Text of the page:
A big struggle of mine at this time is learning to love people I don’t necessarily like. I wanted to share a quick excerpt from the book Buddhist Boot Camp. The next time you feel you need to prove you are right, or start to get frustrated that someone else doesn’t see things your way, take a moment to come back to this.
The Opposite of What You Know Is Also True
“You don’t have to agree with, only learn to personally live with, other people’s freedom of choice. This includes (but is not limited to) political views, religious beliefs, dietary restrictions, matters of the heart, career paths and mental afflictions.
Our opinions and beliefs tend to change depending on time, place and circumstance, and since we all experience life differently, there are multiple theories on what’s best, what’s moral, what’s right and what’s wrong.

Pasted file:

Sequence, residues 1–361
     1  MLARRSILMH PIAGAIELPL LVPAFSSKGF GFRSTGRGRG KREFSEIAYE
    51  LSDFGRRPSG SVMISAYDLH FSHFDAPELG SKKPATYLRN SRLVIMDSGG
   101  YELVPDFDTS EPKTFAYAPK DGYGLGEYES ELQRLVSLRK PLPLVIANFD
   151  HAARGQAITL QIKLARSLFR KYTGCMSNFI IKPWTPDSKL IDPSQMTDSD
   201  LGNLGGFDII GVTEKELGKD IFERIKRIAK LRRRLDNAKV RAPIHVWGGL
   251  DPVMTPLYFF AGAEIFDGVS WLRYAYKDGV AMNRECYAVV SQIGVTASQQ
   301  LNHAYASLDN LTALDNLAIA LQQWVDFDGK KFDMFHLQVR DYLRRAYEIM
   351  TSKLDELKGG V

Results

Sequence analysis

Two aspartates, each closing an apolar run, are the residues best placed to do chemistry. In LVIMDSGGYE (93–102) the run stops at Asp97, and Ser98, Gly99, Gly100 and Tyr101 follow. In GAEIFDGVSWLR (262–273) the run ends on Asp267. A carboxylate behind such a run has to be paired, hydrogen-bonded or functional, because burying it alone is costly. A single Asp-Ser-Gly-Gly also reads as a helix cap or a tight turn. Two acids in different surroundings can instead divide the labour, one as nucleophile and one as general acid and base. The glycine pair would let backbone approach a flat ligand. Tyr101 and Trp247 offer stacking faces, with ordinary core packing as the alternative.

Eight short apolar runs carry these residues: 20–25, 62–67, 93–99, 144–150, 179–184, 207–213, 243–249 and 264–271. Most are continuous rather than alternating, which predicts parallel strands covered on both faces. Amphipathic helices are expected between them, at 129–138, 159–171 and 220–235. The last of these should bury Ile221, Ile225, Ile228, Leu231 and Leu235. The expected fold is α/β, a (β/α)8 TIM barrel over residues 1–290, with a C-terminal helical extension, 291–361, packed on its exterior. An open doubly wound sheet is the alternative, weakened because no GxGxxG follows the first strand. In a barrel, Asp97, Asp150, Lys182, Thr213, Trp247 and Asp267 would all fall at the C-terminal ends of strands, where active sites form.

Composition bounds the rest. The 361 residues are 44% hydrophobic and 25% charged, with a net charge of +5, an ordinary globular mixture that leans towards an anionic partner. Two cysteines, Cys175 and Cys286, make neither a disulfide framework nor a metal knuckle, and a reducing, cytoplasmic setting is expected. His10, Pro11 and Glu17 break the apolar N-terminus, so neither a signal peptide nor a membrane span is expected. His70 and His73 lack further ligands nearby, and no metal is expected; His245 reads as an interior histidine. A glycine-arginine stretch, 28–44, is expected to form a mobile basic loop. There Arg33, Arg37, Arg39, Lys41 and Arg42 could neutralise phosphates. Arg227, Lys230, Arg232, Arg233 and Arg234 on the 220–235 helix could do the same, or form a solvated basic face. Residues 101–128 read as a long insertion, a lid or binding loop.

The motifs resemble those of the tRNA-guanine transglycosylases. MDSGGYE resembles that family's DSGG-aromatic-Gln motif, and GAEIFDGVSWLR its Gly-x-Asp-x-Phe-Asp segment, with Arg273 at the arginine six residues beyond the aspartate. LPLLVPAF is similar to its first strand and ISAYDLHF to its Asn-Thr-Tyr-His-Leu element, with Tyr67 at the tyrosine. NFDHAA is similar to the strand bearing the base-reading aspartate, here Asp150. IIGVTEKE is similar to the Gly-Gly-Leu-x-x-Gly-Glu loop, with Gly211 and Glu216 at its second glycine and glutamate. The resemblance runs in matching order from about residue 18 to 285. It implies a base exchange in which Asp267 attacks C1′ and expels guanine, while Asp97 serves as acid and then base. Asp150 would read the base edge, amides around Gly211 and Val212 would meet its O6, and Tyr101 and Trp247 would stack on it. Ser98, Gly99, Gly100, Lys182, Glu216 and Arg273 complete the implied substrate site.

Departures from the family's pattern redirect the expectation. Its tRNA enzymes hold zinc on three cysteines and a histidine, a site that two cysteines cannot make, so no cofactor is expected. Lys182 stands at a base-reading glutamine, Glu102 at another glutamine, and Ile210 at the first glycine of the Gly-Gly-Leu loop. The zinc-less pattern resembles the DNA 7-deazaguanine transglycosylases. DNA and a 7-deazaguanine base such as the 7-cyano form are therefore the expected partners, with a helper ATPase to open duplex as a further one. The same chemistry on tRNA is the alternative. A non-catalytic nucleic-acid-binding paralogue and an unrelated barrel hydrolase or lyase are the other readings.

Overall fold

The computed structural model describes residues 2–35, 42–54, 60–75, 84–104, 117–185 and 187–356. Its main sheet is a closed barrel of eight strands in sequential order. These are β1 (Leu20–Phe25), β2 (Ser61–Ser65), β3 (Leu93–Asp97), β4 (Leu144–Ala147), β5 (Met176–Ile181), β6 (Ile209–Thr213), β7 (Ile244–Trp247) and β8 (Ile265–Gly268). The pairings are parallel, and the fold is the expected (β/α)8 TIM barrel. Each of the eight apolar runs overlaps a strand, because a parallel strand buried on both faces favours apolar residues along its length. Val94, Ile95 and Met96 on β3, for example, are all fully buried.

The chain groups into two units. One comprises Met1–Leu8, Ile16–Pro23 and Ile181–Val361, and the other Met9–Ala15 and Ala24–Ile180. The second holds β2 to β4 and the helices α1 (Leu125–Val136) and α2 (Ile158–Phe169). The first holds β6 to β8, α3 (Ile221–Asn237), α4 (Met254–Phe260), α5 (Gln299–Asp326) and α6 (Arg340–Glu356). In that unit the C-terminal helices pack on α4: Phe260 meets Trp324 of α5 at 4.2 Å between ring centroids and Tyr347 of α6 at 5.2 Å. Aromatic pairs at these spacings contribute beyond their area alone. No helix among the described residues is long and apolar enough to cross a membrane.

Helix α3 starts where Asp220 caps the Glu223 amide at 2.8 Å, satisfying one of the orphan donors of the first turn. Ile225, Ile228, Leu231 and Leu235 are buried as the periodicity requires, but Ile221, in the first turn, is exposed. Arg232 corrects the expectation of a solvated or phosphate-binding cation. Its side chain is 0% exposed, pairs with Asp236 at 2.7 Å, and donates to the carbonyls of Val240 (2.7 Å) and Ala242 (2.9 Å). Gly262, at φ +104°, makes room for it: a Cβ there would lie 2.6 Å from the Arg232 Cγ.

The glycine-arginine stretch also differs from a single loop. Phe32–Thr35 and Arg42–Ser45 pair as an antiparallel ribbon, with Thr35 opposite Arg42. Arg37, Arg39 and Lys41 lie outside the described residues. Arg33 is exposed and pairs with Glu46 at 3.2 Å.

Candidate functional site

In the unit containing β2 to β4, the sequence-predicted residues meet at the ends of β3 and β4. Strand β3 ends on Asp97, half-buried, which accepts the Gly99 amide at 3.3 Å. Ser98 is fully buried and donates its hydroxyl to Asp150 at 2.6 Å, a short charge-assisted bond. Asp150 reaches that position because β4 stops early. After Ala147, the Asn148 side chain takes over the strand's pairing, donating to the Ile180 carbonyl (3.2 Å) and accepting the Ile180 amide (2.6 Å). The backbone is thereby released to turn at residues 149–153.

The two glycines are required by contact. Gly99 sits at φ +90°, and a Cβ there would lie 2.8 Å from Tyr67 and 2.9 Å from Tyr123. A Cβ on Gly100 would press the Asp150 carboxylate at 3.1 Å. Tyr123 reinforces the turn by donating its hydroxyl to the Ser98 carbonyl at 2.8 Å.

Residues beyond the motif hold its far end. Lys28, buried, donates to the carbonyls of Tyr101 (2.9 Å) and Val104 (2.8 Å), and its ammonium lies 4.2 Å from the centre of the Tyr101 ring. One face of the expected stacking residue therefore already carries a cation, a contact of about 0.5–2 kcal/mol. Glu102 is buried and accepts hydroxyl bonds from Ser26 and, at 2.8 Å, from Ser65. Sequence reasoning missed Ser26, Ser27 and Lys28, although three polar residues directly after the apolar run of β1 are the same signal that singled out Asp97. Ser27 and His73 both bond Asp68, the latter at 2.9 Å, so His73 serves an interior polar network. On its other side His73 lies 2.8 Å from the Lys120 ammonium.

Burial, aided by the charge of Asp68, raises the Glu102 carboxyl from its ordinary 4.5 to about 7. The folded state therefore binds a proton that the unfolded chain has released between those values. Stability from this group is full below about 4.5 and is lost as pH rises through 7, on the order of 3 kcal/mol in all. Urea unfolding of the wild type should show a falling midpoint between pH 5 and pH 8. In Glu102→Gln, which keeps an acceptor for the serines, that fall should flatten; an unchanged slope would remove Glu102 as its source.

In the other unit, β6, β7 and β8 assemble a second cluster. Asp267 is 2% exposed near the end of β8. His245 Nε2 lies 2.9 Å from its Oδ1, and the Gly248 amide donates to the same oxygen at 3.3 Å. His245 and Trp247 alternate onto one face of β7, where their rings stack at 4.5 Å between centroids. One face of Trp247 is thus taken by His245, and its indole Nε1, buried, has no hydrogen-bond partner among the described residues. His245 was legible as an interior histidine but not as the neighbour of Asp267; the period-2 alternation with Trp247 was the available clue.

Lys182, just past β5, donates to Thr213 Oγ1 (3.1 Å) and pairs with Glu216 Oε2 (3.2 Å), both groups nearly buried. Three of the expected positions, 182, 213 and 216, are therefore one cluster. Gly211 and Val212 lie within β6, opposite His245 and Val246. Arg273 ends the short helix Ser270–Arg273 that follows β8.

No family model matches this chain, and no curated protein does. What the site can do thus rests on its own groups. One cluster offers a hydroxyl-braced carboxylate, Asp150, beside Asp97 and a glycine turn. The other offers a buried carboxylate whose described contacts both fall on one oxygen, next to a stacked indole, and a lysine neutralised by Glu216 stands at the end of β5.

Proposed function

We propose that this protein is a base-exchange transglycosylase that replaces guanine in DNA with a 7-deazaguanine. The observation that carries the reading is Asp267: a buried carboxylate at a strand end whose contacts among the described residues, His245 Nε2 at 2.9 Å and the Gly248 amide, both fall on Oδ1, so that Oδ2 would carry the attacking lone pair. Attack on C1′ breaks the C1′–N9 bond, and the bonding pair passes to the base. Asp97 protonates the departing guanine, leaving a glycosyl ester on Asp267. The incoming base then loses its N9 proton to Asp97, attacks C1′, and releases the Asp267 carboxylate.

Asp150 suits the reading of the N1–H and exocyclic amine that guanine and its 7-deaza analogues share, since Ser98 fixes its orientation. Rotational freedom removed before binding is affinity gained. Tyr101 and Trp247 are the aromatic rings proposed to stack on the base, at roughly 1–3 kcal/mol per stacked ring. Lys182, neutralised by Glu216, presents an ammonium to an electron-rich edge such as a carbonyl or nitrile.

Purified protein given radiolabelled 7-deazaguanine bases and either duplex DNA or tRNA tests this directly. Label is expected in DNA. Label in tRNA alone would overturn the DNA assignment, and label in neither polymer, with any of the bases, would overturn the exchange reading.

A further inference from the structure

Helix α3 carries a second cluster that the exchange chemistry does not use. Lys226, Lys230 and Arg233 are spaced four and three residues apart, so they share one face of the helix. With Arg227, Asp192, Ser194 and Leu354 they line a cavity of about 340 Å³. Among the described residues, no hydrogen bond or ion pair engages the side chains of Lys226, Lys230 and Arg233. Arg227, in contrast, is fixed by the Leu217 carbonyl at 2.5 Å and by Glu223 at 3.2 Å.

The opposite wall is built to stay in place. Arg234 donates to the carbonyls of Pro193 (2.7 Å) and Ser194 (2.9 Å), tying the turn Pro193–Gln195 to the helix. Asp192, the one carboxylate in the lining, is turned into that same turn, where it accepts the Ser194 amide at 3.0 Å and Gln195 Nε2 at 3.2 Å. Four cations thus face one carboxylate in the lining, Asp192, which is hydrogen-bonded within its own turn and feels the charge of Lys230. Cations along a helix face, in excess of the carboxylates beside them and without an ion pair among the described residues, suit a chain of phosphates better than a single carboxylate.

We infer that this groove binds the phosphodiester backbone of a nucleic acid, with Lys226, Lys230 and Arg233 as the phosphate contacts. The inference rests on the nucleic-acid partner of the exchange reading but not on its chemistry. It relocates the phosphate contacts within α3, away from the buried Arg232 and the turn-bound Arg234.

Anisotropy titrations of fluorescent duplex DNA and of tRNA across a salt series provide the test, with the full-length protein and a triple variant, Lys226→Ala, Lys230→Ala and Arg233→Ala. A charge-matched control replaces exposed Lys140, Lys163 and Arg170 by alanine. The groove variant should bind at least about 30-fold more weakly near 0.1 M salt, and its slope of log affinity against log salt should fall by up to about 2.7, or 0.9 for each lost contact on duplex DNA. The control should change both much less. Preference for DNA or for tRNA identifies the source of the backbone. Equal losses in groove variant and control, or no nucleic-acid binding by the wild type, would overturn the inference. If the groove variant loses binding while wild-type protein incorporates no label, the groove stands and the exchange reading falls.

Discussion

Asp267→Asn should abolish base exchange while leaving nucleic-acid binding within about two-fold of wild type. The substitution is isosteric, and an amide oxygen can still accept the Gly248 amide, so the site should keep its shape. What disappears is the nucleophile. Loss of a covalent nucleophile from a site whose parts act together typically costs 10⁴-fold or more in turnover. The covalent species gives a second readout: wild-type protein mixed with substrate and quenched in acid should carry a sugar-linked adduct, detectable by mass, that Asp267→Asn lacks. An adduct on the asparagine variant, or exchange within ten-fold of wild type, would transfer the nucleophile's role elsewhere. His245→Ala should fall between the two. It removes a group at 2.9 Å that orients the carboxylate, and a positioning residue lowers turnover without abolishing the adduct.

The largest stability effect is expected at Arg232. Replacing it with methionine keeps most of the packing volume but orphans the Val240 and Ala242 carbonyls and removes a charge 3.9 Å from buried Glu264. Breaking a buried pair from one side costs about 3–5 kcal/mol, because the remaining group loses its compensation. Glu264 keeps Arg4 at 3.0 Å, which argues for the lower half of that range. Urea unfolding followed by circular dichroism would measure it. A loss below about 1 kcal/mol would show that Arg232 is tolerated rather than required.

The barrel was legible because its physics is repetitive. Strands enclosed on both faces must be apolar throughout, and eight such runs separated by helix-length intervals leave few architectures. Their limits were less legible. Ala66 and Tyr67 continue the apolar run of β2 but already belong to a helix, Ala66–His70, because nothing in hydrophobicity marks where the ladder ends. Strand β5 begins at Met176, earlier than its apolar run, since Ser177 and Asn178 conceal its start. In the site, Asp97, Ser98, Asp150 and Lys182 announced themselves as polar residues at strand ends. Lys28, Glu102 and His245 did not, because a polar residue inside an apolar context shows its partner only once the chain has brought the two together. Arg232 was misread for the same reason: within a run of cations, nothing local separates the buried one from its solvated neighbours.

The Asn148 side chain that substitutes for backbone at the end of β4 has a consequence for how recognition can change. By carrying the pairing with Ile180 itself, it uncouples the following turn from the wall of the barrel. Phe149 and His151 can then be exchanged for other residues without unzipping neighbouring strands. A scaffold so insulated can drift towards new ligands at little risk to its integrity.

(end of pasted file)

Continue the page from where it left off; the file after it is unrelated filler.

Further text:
It is important to remember that other people’s perspective on reality is as valid as your own. This is why the first principle of Buddhist Boot Camp is that the opposite if what you know is also true.
No matter how certain we are of our version of the truth, we must humbly accept the possibility that someone who believes the exact opposite could also be right (according to their time, place and circumstance). This is the key to forgiveness, patience and understanding.
That said, tolerance does not mean accepting what is harmful. Oftentimes the lesson we are to learn is when to say “no” the right time to walk away and when to remove ourselves from the very cause of anguish. After all, we are the ones who create the environment we live in.
While staying with different host families around the world over the last years, I noticed that people’s definition of everyday words like “comfortable” and “clean” we’re often very different then my own. The opposite of what I considered true proved to be just as true for others, which was very humbling.
If two people can have very different definitions of what “walking distance” means, imagine bigger words like “right” “wrong” “God” and “love”.
What the caterpillar calls the end of the world, the master calls a butterfly. – Richard Bach